WHEN I GROW UP

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“How old are you, Mummy?”

Pretending not to hear, I ignored his question.

“Mum!” I said, “How old are you?”

“Sorry, I can’t tell you.”

“But Daddy told me his age”, he informs me

“And you told everyone in your class” his sister interjected.

“I won’t tell anyone”, he defended himself, giving her the eye.

Years from now, will he remember this conversation? Maybe not. Will my age matter to him? I think so, because he told me, “I don’t want you to grow old”. So the idea is he will keep growing to meet up with me and make Ofe his girlfriend (she used to be in his class/school), but I’m banned from getting old.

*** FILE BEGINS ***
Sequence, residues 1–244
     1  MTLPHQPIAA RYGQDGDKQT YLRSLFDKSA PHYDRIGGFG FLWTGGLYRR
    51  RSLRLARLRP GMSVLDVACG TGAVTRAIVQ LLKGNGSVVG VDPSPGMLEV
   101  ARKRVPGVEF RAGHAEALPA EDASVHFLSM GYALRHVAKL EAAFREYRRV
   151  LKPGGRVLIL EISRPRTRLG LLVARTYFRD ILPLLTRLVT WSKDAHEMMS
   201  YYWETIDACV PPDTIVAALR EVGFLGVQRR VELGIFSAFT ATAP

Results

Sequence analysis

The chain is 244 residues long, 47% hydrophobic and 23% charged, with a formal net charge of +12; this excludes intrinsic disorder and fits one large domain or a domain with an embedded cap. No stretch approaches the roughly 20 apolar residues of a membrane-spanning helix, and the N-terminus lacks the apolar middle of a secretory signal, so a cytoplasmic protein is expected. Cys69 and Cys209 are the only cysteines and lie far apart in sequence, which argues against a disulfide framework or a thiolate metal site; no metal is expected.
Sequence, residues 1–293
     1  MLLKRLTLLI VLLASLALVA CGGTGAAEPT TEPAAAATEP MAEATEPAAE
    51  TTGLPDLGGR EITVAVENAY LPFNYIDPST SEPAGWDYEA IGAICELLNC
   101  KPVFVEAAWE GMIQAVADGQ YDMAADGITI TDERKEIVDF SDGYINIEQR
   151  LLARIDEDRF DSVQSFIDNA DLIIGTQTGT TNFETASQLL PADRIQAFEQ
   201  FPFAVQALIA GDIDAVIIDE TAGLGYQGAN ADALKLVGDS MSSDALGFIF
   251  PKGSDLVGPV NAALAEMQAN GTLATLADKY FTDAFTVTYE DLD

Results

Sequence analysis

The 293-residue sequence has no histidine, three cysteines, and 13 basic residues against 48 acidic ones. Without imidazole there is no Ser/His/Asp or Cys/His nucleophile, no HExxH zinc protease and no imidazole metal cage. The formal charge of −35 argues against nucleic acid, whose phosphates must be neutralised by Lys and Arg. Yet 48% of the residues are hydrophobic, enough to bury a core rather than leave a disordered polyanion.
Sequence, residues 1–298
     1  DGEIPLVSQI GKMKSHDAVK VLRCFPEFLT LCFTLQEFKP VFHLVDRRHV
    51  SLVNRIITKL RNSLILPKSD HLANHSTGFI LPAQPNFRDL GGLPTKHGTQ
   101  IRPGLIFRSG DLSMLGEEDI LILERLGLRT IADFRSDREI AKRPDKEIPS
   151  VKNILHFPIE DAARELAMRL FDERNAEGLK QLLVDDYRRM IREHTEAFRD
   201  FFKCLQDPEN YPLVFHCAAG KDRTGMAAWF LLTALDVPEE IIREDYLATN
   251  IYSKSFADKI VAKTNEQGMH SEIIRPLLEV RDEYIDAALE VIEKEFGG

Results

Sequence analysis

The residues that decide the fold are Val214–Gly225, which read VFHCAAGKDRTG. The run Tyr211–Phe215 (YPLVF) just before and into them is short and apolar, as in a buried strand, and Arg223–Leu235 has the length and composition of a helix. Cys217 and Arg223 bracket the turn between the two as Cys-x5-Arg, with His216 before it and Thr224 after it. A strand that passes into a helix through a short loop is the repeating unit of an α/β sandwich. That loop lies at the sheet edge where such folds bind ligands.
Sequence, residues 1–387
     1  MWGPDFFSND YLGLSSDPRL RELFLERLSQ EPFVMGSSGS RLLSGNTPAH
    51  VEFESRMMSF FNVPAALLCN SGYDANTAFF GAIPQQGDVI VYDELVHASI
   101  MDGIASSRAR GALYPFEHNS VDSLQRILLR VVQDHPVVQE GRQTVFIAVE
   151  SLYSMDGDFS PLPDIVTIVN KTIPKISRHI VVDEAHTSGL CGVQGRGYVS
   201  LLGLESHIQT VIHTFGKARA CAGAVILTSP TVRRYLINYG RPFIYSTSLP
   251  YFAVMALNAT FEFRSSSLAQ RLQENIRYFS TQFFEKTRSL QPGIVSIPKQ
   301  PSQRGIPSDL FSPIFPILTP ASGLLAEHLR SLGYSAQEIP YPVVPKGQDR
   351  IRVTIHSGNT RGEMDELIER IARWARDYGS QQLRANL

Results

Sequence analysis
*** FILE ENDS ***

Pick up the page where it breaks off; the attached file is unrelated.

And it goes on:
Someone or something he saw must have told him that when people grow old, they die. Sadly, these days it is not so. I don’t want to fill his head with the intrigues and business of death, so I’ll enjoy every today and tomorrow we have.

“No, I won’t tell you my age, it’s safer that way.” The conversation ended.

©2017. Frances Kelvin Otung. All rights reserved

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3 responses »

  1. I used to tell my children a ridiculously young age, when they asked that question. When they told other people, which the inevitably did, it would make everyone laugh. (sixteen sounds terribly old to a little one)
    Leslie

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